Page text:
He was sick for 14 months before his death (though, tellingly, I first estimated it at 2-3 years)...Spinal Meningitis that knocked his nervous system, made him half blind and left him with extremely poor coordination and difficult speech. (It also took out his sense of smell...and having been trained as a nurse, his first professional diagnosis was "huh, when you get spinal meningitis, your farts don't smell!") He had been on a road of slow recovery, regaining the ability to walk, relearning how to read, when treatment for a tumor on his left gave him a setback from which he couldn't recover. The saddest moment I know of, my own personal "what to think about if I need quick tears for a stage role", came a few weeks before his death. Word of my grandmother Eva's death had arrived that morning (and, historically, they had not always been on super friendly terms, ever since he managed to polish the anniversary numbers off of her silver--) and I had just gotten up and walked by his bedroom (he was bedridden again) and he was there weeping and weeping. Weeping for Eva, and with a likely foreknowledge of his own passing. Trying to put myself in his place there gives me a sense of horror and foreboding that's hard to comprehend.

He was generous too. He thought it was important for a guy to have a little "scratch" money on him, and would often slip a little something into letters to some of his nephews. Another sad and horrific yet somehow beautiful thing I remember is when he had first gotten ill, had suffered these grand mal seizures, was in the hospital bed, he urged my mom to give me a little money, a five or something. Because of his slurred speech it took a while to understand what he was saying, about how what's supposed to happen is a son goes up to his father, says he needs a little money, and the father takes it out of his wallet and gives it to him. And it took me even longer to get a deeper understanding of what he meant by it.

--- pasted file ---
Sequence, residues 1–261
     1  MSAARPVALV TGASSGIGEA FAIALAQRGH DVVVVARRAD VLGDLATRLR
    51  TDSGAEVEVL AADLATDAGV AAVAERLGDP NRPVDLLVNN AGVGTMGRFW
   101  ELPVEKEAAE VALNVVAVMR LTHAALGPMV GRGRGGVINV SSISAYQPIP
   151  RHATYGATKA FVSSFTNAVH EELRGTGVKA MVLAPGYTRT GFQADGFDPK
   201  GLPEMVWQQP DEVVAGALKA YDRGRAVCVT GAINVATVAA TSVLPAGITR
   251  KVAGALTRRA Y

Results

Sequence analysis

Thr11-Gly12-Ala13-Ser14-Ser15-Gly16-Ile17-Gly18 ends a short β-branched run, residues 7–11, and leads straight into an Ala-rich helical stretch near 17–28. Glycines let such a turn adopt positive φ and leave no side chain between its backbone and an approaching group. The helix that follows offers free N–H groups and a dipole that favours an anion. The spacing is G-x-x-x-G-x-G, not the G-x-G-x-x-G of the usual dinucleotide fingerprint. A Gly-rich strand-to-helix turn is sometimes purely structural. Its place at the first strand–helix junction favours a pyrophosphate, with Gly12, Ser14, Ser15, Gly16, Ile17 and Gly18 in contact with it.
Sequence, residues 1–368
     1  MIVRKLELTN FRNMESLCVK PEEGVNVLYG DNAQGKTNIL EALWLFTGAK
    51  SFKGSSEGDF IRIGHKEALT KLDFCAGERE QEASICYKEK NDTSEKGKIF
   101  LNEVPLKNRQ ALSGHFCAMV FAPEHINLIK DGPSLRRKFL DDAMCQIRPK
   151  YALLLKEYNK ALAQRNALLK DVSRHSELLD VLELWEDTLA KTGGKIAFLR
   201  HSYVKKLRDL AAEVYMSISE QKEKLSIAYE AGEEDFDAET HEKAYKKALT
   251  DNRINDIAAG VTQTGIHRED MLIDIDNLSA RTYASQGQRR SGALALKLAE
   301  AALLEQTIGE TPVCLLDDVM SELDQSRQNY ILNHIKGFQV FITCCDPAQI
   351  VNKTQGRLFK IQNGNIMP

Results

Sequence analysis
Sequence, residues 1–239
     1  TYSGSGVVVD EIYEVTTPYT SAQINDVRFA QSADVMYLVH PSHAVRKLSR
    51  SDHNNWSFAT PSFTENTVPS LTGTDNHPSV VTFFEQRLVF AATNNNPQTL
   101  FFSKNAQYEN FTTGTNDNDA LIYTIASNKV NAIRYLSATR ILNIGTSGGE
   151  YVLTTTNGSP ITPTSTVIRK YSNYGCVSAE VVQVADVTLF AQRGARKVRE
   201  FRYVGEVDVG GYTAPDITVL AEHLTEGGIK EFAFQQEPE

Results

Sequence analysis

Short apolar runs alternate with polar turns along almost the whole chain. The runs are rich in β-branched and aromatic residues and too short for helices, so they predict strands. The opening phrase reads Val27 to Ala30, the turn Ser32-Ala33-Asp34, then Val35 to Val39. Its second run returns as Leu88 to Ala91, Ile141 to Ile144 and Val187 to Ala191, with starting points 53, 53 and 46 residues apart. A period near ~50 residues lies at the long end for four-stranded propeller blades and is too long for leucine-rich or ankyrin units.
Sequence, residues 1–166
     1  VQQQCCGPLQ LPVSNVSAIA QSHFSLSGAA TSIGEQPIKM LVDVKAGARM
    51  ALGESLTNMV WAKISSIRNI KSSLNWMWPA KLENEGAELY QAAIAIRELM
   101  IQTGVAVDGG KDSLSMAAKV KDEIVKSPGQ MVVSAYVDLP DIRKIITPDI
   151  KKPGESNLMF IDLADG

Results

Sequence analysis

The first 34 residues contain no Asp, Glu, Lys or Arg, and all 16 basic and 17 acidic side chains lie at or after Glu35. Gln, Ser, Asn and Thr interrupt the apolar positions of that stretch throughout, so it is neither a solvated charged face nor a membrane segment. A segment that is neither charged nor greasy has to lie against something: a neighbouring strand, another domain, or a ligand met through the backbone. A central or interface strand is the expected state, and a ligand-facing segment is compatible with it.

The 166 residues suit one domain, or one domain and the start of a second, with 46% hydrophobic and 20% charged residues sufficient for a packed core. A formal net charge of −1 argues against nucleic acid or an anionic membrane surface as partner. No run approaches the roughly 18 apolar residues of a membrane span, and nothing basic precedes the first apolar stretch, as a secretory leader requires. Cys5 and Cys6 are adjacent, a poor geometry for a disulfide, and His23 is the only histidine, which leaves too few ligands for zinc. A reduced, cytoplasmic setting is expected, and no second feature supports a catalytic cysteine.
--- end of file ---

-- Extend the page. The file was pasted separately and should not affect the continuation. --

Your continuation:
Favorite Photo Pose
People who knew him then, and me later, say I inherited his sense of humor, and his walk. One time Judy Hill, who knew him back from Coshocton, OH, walked up behind me as I was searching through some sheet music in my church's band room, and she said something in my stance really reminded her of Jim. That really touched me.

I guess some of my biggest regrets are not being able to interact with him after I grew out of my graceless adolescent phases. So much of what I'm proud of in life (getting my act together in school, going to a good college, pulling off neat technological tricks, things I've written and websites I've started, finding and wooing Mo, stumbling into a decent career, settling into my sense of humor, such as it is) have happened since early freshman year in high school... (this ties into that "life begins at 13" theory of mine.) And who knows, maybe if he had been around, I might've been a bit more culturally attuned, not quite the barbarian I am now.